According to Google, the current population of the world is 7.429 billion and with a current growth rate of 1.13% per year around 80 million extra people are added to the planet every year. By any definition, this growth is unsupportable and at some point, uncomfortable decision by those in charge may have to be made. Welcome to Lisa McMullin’s Rapture currently at Camden’s Etcetera Theatre.
A nondescript room in an anonymous building is sitting empty apart from two chairs with some personal effects sat on them, four white squares on the floor, a mirrored wall and CCTV cameras all around. Into this room walks a nattily dressed man (Ryan Kennedy) with a box. He picks up the items and puts them in the box, then goes out again. He returns followed by a young dishevelled man who introduces himself as Ossie (Darryl Oakley). Ossie speaks to the man, who pretty much dismisses him and then leaves the room. However, Ossie isn’t on his own for long and Kameron (Rik Grayson) comes in. He couldn’t be more different to Ossie with his smart suit and well groomed appearance. The two speak to each other and we start to get the idea that all is not right in the world. They have both given in their citizenship cards before coming into the room, along with other personal items. It transpires that Ossie is a bingo caller whilst Kameron is an Independent MP. The two are joined by teacher Cleo (Jennifer Tyler) and finally by Whitney (Olivia Quinn), recent winner of the anniversary series of Big Brother and darling of the tabloid press. The four strangers are getting to know each other when once again the dapper man enters the room. He explains the current socio-economic situation and the extreme steps taken by the government to remedy them. To put it in a nutshell, the population of the UK needs to be reduced by around 15 million and this needs to happen rather quickly. Certain measures have already been taken – much to the disquiet of the four listeners – and now it is time for them to play their part. They have to first provide a consensus answer to two questions, then each be interviewed and finally decide which of them is going to live. As the tension mounts, truths and hidden personalities are revealed as each person must answer the ultimate question “what is the point of you?”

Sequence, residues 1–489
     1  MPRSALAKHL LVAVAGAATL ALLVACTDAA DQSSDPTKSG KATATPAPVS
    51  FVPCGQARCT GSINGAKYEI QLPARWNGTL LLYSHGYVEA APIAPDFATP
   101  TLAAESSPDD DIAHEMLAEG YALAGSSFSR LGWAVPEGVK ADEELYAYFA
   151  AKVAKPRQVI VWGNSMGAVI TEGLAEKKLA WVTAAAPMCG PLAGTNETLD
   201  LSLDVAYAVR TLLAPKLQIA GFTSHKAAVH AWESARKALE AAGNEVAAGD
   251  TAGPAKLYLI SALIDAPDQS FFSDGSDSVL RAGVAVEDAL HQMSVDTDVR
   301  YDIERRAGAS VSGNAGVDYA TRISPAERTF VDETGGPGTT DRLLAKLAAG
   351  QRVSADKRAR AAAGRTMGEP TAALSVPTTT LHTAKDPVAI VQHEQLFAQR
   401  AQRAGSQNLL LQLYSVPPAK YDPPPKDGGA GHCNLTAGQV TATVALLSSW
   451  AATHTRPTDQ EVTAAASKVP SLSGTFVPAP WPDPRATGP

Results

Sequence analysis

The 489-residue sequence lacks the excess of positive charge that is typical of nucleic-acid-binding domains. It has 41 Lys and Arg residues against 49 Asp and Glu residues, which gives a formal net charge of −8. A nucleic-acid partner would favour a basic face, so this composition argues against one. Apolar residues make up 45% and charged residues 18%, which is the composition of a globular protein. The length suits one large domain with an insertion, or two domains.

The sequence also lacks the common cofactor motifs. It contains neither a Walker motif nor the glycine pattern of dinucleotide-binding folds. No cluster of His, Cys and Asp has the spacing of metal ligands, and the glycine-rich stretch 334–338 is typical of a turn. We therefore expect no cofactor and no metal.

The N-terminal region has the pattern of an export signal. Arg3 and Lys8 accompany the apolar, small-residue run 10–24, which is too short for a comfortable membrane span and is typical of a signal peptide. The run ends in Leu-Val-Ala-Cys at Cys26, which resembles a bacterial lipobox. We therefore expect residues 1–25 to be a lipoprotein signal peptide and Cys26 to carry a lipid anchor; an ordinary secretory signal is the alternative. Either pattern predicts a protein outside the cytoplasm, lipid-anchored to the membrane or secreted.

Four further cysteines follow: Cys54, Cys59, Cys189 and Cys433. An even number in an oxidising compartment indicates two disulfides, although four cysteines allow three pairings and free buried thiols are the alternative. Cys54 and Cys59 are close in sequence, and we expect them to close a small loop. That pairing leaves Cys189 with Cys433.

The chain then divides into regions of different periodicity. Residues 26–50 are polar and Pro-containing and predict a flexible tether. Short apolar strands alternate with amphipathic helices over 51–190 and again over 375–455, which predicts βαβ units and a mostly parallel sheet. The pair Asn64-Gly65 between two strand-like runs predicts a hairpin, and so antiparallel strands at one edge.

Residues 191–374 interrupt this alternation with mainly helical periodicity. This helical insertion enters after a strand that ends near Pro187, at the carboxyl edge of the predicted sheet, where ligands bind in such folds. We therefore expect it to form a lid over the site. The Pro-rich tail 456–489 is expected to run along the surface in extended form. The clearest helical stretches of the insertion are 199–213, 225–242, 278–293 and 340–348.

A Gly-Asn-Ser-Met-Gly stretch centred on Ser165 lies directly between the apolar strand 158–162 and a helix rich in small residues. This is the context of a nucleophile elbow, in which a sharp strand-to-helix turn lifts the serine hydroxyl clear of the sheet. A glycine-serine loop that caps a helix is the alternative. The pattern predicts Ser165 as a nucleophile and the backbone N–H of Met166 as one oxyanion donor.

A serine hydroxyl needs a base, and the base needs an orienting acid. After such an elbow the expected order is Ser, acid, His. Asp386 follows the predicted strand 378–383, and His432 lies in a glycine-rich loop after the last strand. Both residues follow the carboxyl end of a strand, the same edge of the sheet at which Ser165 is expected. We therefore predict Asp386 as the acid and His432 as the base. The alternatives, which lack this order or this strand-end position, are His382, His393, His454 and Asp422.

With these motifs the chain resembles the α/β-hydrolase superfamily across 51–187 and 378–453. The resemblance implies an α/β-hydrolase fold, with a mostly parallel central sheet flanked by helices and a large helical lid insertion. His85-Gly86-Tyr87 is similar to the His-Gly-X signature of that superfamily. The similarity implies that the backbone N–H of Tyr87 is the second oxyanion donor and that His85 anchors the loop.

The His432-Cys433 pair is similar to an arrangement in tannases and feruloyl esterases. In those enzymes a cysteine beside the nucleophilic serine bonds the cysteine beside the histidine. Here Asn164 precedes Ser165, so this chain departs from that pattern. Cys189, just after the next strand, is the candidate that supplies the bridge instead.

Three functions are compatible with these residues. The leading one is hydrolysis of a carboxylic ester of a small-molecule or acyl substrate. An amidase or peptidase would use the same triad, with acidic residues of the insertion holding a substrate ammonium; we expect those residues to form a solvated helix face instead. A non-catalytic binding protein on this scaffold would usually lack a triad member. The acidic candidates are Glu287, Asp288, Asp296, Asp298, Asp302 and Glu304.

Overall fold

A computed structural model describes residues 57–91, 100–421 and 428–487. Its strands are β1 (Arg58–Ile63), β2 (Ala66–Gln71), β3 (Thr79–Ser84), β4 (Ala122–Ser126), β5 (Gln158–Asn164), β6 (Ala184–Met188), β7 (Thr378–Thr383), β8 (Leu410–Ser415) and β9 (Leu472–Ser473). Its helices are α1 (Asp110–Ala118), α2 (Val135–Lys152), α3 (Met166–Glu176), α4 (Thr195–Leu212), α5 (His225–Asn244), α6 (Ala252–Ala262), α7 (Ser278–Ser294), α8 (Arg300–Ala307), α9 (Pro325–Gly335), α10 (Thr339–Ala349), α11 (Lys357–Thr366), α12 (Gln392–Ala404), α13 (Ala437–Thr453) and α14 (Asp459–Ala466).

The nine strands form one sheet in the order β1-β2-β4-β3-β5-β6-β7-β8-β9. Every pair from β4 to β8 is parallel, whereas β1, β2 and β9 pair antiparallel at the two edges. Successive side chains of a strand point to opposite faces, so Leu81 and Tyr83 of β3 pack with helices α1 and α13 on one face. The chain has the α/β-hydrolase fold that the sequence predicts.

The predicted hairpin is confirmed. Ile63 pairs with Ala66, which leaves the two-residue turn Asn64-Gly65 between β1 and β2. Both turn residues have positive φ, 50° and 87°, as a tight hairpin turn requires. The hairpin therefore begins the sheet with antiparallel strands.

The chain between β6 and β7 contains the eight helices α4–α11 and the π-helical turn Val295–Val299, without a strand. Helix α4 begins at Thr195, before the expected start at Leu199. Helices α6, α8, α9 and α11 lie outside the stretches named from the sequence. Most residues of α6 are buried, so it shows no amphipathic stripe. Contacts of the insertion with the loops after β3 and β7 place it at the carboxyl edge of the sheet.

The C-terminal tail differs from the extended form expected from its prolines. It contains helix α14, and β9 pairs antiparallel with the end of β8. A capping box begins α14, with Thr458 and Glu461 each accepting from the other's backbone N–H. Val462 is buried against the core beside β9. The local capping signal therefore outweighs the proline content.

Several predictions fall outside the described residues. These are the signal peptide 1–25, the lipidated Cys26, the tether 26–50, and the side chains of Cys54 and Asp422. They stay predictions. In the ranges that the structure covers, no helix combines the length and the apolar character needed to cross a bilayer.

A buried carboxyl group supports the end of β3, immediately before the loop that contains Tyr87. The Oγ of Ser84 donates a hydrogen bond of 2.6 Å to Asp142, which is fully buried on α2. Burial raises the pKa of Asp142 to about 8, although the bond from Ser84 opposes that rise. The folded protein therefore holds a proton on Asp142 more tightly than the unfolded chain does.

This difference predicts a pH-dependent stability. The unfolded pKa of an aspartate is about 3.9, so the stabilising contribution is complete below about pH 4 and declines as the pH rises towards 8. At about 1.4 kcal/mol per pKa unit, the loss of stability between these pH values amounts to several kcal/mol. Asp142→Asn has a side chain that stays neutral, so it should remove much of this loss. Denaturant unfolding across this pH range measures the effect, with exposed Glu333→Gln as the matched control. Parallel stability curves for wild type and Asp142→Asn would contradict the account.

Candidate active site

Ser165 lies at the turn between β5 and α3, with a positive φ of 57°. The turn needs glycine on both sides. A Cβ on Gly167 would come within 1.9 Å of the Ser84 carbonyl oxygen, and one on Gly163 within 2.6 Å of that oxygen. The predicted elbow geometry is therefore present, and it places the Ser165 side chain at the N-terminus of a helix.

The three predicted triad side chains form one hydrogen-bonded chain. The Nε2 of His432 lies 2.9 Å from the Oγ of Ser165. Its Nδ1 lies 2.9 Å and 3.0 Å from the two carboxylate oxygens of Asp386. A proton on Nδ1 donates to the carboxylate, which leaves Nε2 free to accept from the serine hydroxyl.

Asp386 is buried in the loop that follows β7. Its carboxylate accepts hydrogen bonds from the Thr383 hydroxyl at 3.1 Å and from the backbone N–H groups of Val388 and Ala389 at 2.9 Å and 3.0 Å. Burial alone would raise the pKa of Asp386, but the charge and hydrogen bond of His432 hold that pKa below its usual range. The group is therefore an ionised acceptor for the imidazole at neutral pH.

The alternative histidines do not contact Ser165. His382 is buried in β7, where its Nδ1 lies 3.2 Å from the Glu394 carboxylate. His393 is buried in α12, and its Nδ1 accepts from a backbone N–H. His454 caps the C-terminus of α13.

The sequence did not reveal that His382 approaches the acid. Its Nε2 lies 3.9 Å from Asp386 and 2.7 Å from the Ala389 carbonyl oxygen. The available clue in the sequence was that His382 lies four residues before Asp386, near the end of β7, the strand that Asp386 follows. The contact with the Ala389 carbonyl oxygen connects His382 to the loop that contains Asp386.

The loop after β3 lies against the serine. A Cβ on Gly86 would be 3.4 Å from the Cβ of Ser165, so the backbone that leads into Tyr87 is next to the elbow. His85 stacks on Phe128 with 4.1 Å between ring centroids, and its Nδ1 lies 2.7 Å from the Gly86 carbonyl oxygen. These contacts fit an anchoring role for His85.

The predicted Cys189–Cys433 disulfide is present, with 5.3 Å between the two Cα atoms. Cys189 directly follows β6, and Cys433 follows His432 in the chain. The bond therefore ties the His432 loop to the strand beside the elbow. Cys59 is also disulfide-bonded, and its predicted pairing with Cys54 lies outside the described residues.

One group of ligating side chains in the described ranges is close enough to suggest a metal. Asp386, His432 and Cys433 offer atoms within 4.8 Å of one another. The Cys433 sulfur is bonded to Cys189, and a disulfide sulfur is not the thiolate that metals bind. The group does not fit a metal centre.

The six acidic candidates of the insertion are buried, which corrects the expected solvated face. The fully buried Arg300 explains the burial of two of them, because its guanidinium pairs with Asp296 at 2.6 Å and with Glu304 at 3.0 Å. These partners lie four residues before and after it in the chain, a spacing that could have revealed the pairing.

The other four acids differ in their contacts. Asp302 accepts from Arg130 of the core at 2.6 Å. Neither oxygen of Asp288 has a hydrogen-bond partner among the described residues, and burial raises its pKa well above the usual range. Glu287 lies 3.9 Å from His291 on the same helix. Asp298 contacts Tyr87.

A long time ago whilst in the RAF, I was on a leadership course where we were put in a room and given a similar scenario to play out – we all were given an individual character and had to vote who to expel from a nuclear fallout shelter into certain death. Now I don’t know if writer/director Lisa McMullin has ever been on one of these courses but I can honestly say the writing was spot on as the final decision had to be made. What I really liked about this play was the background information, especially the unwitting complicity by MP Kameron in bringing about his own space in the room. Full credit to all the actors for building the tension beautifully but a special mention has to go to Ryan Kennedy as the Auditor. From his first entrance and the sneering manner in which he didn’t give his name, or shake hands with Ossie, the Auditor established his place on the pecking order. This was a civil servant of the highest calibre carrying out the Parliament sanctioned requests of the elected government with no thought of people or lives, the consummate Sir Humphrey Appleby, assured in his belief that the end justifies the means. Ryan played him perfectly with a camp, sneering attitude found in many gay bars when someone over 30 asks a twinky barman to serve him. Ryan was particularly excellent during the interviews where every question and facial response was timed to perfection as he brought out personal details about each of his interviewees.
All told, the acting and writing were extremely good and I suppose my one minor criticism was that at only 70 minutes running time, it wasn’t possible to fully develop each character in a way I would have liked, particularly as my ideas about who should go and who should stay were in a constant flux. I also got a bit lost on timings and wasn’t sure how long the four had been in the room before they had to face their final decision. However, the ending, where the characters voted, was extremely interesting as, surprisingly, only one character voted to save themselves and another cast their vote in a very unexpected direction. Personally, I would have gone a different way entirely so who am I to judge?
Ultimately Rapture is a very dark one act play set in a post Orwellian future – which is getting closer every day. It is extremely uncomfortable to experience as it makes every person watching face the unfaceable, start questioning their own worth to the planet and wonder how, in the same situation they would be able to justify being that 1 in 4 that goes on to enjoy their life once more.
Review by Terry Eastham
What is the point of you?
In a world where most diseases can be cured, living is no longer a human right. You have to earn it.
The world cannot sustain its growing population. People just aren’t dying like they used to and the UK needs to downsize.
Across the country thousands are being selected to appear before a board to justify their continued existence.
Never mind what L’Oreal says, are you worth it?
In this psychological drama, five very different people have to give the interview of their lives.
7th to 26th June 2016
above the Oxford Arms
265 Camden High Street
London NW1 7BU